Manifesto on Ruins
The following is an attempt at gathering our design stories under one umbrella. Rather than a total and impossible theory, the notes below illuminate four aspects of what we can call a posture, attitude, or approach towards design. If it is here intentionally presented as an ideal, every client will challenge those dreams and invite compromise. From this contradiction, experienced as a day-to-day combat, a shared architecture will be born.
Building upon Nature
The role of the architect is to systematically fall in love with the initial conditions of the project. However uninspiring they may be, at the human, urban or a depleted natural level, we need to see those initial constraints as potential rather than obstacle. At the embryonic level of any concept, we like to say that every line (limit) is a possibility. Rather than some foreign idea projected on the site, the concept needs to be a celebration and expansion of what was already there.
In our approach to landscape, we always seek to recognize the natural ecology of the place. The reconstitution of the local fauna and flora is sought after as a purpose in itself that becomes the foundation of any project. Eventually, this natural environment becomes the basis upon which the architectural concept is developed.
Søren Kierkegaard defines 'reprise' (gjentagelsen) as a remembrance brought forward. Looking at the ruins of the past, there's a strange emanation of energy that puts us back to work every time something is broken, lost or ruined.
Every project is a reprise. It is always this attitude of the joyful going back to work whatever may be, that makes design this phenomenal act of repair. All sites of intervention, particularly in Beirut and Lebanon at large, are scarred. An observation of their initial conditions, not only at the physical level, but also at the human lived level, reveals inspiring traces of intentionality that in their turn become initiating lines for a project to be.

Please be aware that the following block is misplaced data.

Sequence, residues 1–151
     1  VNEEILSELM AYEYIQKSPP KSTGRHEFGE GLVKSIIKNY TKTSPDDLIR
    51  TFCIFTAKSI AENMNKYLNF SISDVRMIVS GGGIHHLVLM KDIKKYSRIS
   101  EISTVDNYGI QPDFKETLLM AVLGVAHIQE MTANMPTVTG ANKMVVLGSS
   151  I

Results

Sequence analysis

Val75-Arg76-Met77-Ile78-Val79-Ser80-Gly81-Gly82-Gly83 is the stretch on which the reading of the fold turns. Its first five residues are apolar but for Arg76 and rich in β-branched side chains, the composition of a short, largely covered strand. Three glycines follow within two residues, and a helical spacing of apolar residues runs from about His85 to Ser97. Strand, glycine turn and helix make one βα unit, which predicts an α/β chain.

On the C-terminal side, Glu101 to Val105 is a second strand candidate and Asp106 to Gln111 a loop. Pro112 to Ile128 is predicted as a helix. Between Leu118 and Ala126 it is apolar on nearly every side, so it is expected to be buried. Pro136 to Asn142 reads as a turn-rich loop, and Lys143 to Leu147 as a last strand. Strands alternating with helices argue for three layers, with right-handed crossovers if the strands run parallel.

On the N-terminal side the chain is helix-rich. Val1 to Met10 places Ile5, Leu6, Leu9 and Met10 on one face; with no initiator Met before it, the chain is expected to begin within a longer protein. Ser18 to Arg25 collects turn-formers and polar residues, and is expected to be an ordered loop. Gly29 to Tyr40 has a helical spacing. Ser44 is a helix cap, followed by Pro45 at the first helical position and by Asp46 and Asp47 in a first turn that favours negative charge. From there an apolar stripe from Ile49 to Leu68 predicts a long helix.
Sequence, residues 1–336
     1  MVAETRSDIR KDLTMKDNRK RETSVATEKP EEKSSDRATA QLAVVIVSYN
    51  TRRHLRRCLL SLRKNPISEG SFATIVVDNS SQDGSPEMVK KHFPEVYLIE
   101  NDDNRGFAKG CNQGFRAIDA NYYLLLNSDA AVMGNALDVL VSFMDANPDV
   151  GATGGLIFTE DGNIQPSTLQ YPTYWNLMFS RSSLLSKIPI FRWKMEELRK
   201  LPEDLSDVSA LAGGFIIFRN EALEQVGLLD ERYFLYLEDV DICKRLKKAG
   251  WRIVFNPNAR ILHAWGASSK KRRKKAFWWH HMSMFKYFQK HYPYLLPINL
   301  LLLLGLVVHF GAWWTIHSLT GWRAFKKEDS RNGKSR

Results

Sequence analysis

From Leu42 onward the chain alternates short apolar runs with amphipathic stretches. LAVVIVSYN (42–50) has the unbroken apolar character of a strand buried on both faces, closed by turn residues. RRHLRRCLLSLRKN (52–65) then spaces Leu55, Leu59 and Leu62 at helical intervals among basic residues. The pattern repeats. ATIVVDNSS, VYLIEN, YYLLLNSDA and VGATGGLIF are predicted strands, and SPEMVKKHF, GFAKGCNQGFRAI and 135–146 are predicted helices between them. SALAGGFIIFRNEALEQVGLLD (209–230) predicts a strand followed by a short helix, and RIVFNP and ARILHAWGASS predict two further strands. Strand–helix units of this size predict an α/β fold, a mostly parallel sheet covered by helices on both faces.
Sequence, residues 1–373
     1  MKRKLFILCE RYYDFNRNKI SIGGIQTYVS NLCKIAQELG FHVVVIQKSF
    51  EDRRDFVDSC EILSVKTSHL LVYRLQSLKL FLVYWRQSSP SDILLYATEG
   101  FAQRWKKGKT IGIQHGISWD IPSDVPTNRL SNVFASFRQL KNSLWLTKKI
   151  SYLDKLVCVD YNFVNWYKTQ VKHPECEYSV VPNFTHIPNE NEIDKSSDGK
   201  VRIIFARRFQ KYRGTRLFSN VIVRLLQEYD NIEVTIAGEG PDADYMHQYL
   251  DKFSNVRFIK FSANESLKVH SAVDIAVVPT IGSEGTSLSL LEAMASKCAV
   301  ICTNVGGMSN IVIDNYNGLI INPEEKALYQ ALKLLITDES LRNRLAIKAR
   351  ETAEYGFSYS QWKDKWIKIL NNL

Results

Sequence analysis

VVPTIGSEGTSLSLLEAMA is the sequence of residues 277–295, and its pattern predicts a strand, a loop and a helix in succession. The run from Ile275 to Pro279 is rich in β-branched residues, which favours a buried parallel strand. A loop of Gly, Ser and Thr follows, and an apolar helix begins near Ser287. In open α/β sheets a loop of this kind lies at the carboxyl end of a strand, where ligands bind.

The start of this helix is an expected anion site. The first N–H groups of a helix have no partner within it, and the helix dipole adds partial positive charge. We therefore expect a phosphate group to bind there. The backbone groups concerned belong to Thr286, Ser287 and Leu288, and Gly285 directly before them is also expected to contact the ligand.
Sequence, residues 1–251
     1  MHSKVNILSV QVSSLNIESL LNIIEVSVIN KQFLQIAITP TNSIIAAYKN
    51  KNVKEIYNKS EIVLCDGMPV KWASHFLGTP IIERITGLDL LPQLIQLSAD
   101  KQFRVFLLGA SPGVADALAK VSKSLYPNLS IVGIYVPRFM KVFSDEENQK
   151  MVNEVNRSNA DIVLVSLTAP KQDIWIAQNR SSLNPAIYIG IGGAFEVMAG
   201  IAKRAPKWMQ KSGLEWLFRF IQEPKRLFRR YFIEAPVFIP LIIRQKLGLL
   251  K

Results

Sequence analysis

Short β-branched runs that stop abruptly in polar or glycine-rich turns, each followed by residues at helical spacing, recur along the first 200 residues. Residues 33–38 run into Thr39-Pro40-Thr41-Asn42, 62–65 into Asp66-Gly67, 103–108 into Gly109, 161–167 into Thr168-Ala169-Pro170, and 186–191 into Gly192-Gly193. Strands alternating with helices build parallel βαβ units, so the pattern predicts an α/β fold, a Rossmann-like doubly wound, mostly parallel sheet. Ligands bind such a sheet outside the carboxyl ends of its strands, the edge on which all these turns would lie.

In this context, acts of renovation become perfect opportunities to express intervention onto the old as a process that is beyond restoration. Renovation is the literal nostalgia of a lost past, and its expectations are always within the domain of mere repetition. On the other hand, intervention properly expressed as reprise makes sure to propel the space frankly into the present, making it breathe a new life, beyond its ruined past.
By extension, even if the site is nature in an ideal state, all design concepts will be in need for reprise, as we are in need to move forward, because forward is the way of life.
In the Labyrinth
In our devastated globalized context, visibility, visuality and market value of square meters have become aggressive and dominant. However, human perception and embodied experience are actually most central to the mission of the architect and those are most enhanced paradoxically at sites of blindness and invisibility. In this context, designing for the labyrinthine experience of space remains central to our day-to-day agenda, even if it is against capitalist expectations, the same combat again.
Our residential projects have always emphasized homeliness in contrast to total experience of space. We want you to enter, not see the view, then turn and discover. We praise shadows and ninety degree turns, we enhance texture and the mystical shades of foliage or incense. Our public projects have always emphasized the cinematic experience of space, architecture as sequence, lived in space but also mostly in time and through the changing perspective of a moving sensual body.
We know that those spatial procedures of the labyrinth enhance awareness. At every step of the maze, indeed, we need to stay awake not to hit the next wall. As we proceed further, consciousness builds up, until we can see the labyrinth from above, metaphorically.
For a novel Architecture
Every project writes its own story. Stories of sites extended in time and space, but essentially the story of its observers. We call this architecture novel but innovation is not a choice, it is simply that architecture should always be novel in order to remain alive. We also call it novel because it is, like a novel, story-telling and fictive in nature, as it happens in our own minds.
My perception is enhanced by the qualities of the lived poem of space. This architecture-became-novel contributes to my own growth, awareness and well-being. I really wish it to continue producing beauty despite momentarily and unavoidable unpleasantness.